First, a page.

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Consumed With Hate: The Chumscrubber

🐬No, I Don't Want Your Number...

The Crime: The Chumscrubber
The Guilty Party: Arie Posen
Overview: A mid-budget "indie" film gets lost in its own muddled storytelling

Why I Hate It...

The 90s indie boom changed the film landscape, launching the careers of auteurs like Steven Soderbergh, Kevin Smith, Spike Lee, David O. Russell, the Cohen brothers, Spike Jonez, Robert Rodriguez, Sofia Coppola, Wes Anderson, and more. After Pulp Fiction (which was financed by Disney, but still was huge force behind the movement), we had a slew of films with non-linear stories. The Blair Witch Project basically invented "found footage" as a genre and spawned multiple imitators. As the trend continued, major studios started to spin off their own "indie" subsidiaries like Focus Features and Fox Searchlight. A lot of this was clout chasing. Harvey Weinstein was notoriously thirsty for Oscars (not, admittedly, his most grievous sin during this period, but that's neither here nor there). As the decade closed out, genuine indies were being crowded out by "Indiewood" awards bait, and while some great movies did come out of this--one of my favorite films ever is Rian Johnson's 2005 debut Brick--there was a lot of hot garbage that was long on vibe but short on storytelling.

Enter The Chumscrubber. What's it about? Well, it's hard to say. There's some suburban malaise in there, but also drugs, but also isolation and depression, and something about dolphins. It's not the kind of movie that ever congeals into into what you might call a story. It starts with the death by suicide of Troy, the drug supplier for the tiny, isolated California suburb that was basically also the setting for Weeds. Troy's body is found by his best friend Dean who declines to actually process any of his emotions. Dean is then tormented by lower-level drug dealers at his high school Billy and Lee, who assume that Dean knows where Troy's stash is and devise a plan to ransom Dean's little brother Charlie, only they kidnap the wrong Charlie. Somewhere along the line Ralph Fiennes falls into a pool and becomes obsessed with dolphins. The drugs eventually find their way into a casserole at a funeral. Antics ensue. Dean cries. Wrong Charlie gets free. The titular Chumscrubber--a headless zombie video game character who is a clear representation for Troy--shows up in person and the camera dollies up into the atmosphere to reveal that the little suburb is actually dolphin-shaped. The end.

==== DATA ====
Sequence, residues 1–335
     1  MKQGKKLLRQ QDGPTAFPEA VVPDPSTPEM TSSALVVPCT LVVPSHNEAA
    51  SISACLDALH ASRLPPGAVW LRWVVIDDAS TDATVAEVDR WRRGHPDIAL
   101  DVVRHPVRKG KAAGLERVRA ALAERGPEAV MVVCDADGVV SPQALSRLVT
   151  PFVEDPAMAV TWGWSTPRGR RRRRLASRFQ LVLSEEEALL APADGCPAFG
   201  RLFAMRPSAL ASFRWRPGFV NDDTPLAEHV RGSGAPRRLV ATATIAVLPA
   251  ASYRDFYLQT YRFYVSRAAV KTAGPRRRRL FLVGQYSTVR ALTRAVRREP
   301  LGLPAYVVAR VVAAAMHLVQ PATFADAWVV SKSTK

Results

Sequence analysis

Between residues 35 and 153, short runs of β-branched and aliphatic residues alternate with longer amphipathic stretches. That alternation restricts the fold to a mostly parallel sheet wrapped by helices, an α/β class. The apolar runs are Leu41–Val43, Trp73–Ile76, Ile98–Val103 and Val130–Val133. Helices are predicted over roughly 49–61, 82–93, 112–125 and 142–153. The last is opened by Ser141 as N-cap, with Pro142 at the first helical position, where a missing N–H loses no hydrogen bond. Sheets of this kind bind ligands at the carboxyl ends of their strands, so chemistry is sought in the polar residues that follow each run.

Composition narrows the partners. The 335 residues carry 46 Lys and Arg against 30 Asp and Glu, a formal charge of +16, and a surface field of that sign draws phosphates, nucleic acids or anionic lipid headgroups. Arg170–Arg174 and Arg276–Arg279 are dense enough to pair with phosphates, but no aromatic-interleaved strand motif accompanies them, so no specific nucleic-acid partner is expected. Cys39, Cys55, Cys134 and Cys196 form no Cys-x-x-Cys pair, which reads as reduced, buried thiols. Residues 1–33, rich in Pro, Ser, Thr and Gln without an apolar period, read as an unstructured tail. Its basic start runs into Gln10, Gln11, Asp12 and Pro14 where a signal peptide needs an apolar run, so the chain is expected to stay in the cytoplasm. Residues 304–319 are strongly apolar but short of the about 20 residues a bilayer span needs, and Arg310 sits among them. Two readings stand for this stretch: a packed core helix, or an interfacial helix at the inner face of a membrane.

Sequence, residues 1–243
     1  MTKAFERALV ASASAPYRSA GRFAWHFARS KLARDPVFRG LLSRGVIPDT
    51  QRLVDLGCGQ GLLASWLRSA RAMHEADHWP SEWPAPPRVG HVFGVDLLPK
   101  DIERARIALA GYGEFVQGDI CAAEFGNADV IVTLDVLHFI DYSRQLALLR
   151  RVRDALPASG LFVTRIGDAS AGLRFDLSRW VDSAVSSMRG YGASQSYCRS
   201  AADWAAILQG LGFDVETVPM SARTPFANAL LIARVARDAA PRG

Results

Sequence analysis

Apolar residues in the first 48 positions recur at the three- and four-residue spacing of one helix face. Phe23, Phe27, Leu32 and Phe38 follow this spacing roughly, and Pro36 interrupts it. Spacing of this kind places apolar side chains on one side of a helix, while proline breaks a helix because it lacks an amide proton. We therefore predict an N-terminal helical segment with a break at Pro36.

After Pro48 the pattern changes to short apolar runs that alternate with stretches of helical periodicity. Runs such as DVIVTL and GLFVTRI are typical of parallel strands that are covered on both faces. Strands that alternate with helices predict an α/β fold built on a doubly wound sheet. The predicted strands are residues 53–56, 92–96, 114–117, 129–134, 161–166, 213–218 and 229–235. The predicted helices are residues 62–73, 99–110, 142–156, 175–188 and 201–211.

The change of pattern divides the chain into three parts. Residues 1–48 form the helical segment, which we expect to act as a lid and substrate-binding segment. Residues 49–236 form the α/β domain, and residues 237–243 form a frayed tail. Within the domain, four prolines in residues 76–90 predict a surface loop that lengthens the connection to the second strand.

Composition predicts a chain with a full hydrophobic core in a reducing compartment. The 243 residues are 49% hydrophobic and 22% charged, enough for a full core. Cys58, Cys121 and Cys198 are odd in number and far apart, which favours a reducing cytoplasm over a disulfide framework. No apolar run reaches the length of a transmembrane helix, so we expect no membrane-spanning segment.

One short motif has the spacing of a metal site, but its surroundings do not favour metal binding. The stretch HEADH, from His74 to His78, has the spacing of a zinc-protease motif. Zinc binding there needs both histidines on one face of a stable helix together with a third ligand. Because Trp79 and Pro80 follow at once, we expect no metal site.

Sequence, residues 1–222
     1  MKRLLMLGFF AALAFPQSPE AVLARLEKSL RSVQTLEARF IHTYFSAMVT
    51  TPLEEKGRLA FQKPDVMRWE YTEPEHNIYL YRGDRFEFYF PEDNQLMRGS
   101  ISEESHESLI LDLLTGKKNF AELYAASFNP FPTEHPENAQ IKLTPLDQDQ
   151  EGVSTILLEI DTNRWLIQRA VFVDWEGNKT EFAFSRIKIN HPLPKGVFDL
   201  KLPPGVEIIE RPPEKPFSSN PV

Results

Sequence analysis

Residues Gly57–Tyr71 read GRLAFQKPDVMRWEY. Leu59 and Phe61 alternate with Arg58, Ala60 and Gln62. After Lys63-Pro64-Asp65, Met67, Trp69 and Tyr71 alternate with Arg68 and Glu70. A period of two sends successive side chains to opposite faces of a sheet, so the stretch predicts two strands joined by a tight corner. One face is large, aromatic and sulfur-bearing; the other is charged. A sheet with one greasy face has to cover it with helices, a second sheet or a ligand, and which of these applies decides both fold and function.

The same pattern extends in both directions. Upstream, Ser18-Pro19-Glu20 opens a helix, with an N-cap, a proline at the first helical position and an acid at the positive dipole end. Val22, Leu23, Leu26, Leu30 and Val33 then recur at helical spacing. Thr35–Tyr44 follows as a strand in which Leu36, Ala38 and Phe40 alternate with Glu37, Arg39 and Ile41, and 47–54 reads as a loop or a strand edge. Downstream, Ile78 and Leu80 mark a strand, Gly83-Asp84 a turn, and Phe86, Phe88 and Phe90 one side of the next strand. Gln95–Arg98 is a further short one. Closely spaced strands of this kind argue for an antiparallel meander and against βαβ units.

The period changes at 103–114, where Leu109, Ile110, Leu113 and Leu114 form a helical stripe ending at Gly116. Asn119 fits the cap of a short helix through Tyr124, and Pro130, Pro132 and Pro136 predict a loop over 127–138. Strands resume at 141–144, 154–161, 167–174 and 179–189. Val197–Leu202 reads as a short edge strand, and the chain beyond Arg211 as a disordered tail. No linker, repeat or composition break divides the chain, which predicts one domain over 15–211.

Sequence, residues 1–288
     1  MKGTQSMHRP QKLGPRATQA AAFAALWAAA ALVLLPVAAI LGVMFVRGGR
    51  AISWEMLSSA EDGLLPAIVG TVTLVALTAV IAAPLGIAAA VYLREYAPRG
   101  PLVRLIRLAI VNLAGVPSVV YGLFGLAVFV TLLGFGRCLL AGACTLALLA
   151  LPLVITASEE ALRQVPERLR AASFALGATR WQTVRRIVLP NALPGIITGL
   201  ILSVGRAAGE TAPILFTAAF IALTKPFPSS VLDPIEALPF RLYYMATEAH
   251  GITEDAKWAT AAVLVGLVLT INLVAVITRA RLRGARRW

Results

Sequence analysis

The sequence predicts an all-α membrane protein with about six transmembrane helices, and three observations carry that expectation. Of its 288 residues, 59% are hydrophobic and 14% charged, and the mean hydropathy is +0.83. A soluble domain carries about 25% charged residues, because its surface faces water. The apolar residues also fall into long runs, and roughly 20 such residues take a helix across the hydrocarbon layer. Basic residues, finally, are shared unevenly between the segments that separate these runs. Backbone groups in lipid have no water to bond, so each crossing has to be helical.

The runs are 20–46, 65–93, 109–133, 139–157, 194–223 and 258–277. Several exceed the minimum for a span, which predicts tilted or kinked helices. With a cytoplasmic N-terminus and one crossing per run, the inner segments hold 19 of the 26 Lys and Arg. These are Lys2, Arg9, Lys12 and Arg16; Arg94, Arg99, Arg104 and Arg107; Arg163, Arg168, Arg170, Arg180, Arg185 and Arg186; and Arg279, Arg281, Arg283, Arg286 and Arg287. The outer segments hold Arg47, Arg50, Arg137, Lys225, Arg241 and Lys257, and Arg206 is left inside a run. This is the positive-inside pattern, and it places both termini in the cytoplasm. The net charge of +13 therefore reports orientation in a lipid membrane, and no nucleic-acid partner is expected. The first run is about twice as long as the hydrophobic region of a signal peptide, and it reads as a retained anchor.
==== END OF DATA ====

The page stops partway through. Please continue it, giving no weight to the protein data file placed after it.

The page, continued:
I promise you, it doesn't make any more sense if you watch it. Now, full disclosure, I liked this movie when it came out. It has some compelling performances from Jamie Bell and Allison Janney, and it definitely has that kind of ending where you watch it and don't understand it but feel like maybe the film is just challenging you artistically. I had a similar reaction to Donnie Darko, and people freaking love that movie. But having rewatched it years later, I have a better appreciation for what it means to be "challenging" versus "poorly assembled," and The Chumscrubber is definitely the latter, despite a few entertaining moments. It is a thematic muddle.

What, precisely, are the filmmakers trying to say about suburbia? Or drugs? Or drug dealing? What parallels should we draw between Troy and Dean's mom, who is hawking supplements? The alignment seems obvious, but the movie doesn't ever comment on it. It doesn't condemn or even chastise her for anything--indeed, the ending finds her suddenly successful, and not even in a winking, ironic way. Does this mean that Troy would have been in the right to keep selling drugs? Speaking of Troy, why would we be representing him with a headless zombie whose catchphrase is "I'm not dead, but what kind of a life is this?" What can we learn about Troy from this? How are we supposed to take it seriously that his death is meaningful to Dean? Why on Earth would he show up in person in the last thirty seconds of the movie? What's up with the dolphins? It may seem like I'm exaggerating how prevalent they are in the film, and I want to assure you that I'm not. It's a major subplot that the mayor sees dolphins in footprints and has a religious experience and throws off all of his responsibilities in order to paint them. What does this mean? Are dolphins meant to represent escape? If so, then why is it a big reveal that the suburb that everyone is malaising about is shaped like one?

I could go on. In fact, I will. Why are there three kidnappers? Justin Chatwin, I get. He's well-cast as a charismatic mean kid. But why cast Lou Taylor Pucci as a tough alongside him? Why is Camilla Belle working with them? Why isn't Carrie-Anne Moss suspicious since the kidnapping is taking place under her own roof? What is the orgiastic funeral supposed to be--other than an amusing set-piece? How do any of these pieces tie into each other and what does it have to do with Dean's ability or inability to process grief, which is the central character journey of the film that also feels like a complete after-thought? And what does any of this have to do with dolphins, zombies, or the scrubbing of chum? Hell, why is this movie even called The Chumscrubber?

Unsurprisingly, Arie Poser did not go on to be one of the voices of his generation. This was a commercial and critical flop and is his best-known film. It's almost worth tracking down just for how weird it is, but as a storytelling vehicle, it mostly fails.

Next week, time to turn into a dinosaur and complain about the kids these days and their rock-and-roll music...

In CONSUMED WITH HATE, Kurt is revisiting media that he absolutely did not like one bit. See more posts.